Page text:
Type 2 Charter School Funding Ruled Unconstitutional
The annual application period for the state’s school voucher program is now open, despite uncertainty over availability of state funding.
Due to a 2013 Louisiana Supreme Court ruling, vouchers are not funded through the Minimum Foundation Program, or MFP. That’s the money public schools receive from both state and local tax dollars.
On Monday, Louisiana First Circuit Court of Appeal decided Type 2 charter schools don’t qualify for MFP funding either.
"The Type 2 charter is a charter that does not get its charter through the local school district," explains Debbie Meaux, President of the Louisiana Association of Educators, one of the parties that filed the charter lawsuit.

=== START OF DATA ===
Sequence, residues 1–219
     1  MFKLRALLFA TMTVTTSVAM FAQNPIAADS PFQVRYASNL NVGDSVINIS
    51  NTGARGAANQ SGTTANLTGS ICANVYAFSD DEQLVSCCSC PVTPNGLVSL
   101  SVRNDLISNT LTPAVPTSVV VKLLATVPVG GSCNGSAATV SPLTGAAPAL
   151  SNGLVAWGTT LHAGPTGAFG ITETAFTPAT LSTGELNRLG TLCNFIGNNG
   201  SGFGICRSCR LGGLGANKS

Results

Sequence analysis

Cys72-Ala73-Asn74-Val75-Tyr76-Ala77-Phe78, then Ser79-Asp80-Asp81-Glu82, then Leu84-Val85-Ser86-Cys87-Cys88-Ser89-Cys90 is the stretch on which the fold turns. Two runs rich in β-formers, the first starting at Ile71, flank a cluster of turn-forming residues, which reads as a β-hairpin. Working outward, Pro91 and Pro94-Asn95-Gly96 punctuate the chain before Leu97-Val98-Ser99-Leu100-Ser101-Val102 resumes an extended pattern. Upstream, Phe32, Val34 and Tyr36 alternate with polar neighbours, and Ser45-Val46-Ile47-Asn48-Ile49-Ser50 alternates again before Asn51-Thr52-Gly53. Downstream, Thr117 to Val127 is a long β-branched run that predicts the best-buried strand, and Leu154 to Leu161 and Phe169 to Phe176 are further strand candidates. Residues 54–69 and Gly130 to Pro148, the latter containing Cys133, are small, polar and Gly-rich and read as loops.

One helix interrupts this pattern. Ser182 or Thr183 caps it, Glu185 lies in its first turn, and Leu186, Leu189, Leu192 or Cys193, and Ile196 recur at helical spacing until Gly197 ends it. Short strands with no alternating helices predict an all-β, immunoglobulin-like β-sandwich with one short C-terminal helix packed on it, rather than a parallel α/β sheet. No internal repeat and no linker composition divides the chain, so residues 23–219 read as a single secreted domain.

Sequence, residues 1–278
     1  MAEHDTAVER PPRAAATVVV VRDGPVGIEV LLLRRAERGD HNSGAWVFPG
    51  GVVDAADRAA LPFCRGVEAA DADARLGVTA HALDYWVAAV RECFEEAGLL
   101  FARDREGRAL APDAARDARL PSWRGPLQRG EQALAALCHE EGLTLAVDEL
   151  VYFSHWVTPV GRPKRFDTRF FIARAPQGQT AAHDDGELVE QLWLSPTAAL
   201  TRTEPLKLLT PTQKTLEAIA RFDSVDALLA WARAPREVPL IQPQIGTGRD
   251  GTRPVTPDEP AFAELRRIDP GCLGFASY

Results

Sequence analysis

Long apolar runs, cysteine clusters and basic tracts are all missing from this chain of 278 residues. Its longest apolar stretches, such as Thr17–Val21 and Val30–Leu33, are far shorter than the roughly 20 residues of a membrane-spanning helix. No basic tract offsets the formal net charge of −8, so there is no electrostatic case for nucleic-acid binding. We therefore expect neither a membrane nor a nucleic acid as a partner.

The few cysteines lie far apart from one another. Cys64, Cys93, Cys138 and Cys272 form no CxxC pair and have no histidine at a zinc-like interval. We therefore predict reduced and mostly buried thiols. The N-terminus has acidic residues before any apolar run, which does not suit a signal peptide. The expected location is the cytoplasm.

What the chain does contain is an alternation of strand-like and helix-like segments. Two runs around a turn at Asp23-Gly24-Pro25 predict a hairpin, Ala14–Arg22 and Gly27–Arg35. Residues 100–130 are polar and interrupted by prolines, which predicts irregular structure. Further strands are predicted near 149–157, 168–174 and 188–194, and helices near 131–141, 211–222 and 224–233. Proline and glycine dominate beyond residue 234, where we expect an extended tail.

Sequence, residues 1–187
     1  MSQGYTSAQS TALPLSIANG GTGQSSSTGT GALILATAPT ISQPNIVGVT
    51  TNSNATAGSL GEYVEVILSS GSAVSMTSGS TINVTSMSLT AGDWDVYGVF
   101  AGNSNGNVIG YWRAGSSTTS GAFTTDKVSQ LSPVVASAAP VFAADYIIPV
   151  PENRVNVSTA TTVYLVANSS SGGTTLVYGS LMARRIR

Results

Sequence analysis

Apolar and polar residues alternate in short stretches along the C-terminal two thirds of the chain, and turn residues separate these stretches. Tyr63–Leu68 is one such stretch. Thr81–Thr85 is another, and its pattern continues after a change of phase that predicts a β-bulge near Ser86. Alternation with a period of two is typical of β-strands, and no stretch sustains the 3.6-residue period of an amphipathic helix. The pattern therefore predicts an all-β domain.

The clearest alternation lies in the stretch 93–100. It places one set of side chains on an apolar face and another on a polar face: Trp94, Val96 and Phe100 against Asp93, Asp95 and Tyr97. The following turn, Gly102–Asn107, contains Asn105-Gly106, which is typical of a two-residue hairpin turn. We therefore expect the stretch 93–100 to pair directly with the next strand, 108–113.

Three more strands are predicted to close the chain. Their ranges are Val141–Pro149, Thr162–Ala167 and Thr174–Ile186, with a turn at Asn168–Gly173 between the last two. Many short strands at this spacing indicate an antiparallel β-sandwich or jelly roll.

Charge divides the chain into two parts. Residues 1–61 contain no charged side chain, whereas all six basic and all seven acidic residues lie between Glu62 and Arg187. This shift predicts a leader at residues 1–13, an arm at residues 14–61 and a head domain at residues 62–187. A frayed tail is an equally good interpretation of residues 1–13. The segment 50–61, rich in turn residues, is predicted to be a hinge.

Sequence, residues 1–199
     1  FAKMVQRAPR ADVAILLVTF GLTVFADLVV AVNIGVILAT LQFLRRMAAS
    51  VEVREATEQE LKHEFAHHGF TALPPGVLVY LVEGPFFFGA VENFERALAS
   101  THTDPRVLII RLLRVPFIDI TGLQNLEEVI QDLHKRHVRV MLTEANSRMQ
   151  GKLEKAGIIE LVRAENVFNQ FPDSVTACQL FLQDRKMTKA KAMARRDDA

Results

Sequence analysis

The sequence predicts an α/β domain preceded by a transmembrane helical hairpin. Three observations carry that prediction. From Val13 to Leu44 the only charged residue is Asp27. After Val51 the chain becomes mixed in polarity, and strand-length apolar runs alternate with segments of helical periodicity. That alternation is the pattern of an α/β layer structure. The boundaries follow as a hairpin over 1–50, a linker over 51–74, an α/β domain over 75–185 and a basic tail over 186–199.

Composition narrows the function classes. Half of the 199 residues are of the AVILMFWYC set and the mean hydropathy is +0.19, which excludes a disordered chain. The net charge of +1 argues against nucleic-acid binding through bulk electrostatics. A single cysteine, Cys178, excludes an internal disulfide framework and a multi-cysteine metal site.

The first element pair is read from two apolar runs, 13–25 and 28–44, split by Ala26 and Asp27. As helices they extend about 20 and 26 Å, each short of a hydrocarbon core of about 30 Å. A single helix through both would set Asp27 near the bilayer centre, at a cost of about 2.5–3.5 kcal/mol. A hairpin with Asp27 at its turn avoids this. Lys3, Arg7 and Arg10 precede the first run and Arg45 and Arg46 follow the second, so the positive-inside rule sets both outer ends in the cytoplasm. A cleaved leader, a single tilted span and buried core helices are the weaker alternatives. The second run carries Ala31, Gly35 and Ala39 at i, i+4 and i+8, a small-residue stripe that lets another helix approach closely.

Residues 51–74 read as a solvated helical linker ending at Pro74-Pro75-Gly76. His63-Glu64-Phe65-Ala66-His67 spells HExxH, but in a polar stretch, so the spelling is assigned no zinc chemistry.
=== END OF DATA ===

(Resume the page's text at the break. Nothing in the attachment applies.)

"They do have to go to the school district first," she says, "but when the school district says ‘no,’ they often appeal to BESE."
The Board of Elementary and Secondary Education has been overriding local school districts and authorizing Type 2 Charters, then pulling public school funding back from the local districts to pay for the charter operations.
BESE denied a request for comment, as they plan to appeal the ruling. However, Assistant Superintendent of Education Erin Bendily was asked about the ruling at a Joint Education meeting Tuesday.
"We believe that those are public schools and that the state has an obligation to fund those schools and the students that are attending those schools," she explains.
Currently these charter schools receive around $80 million of public funds each year. Meaux says the loss of that money has implications for local public school districts.
"The actual effect of taking $80 million dollars out of the public school system to place into a separate system puts all of our children at a disadvantage. All of the things we do for our children in the public school system are affected by the funding."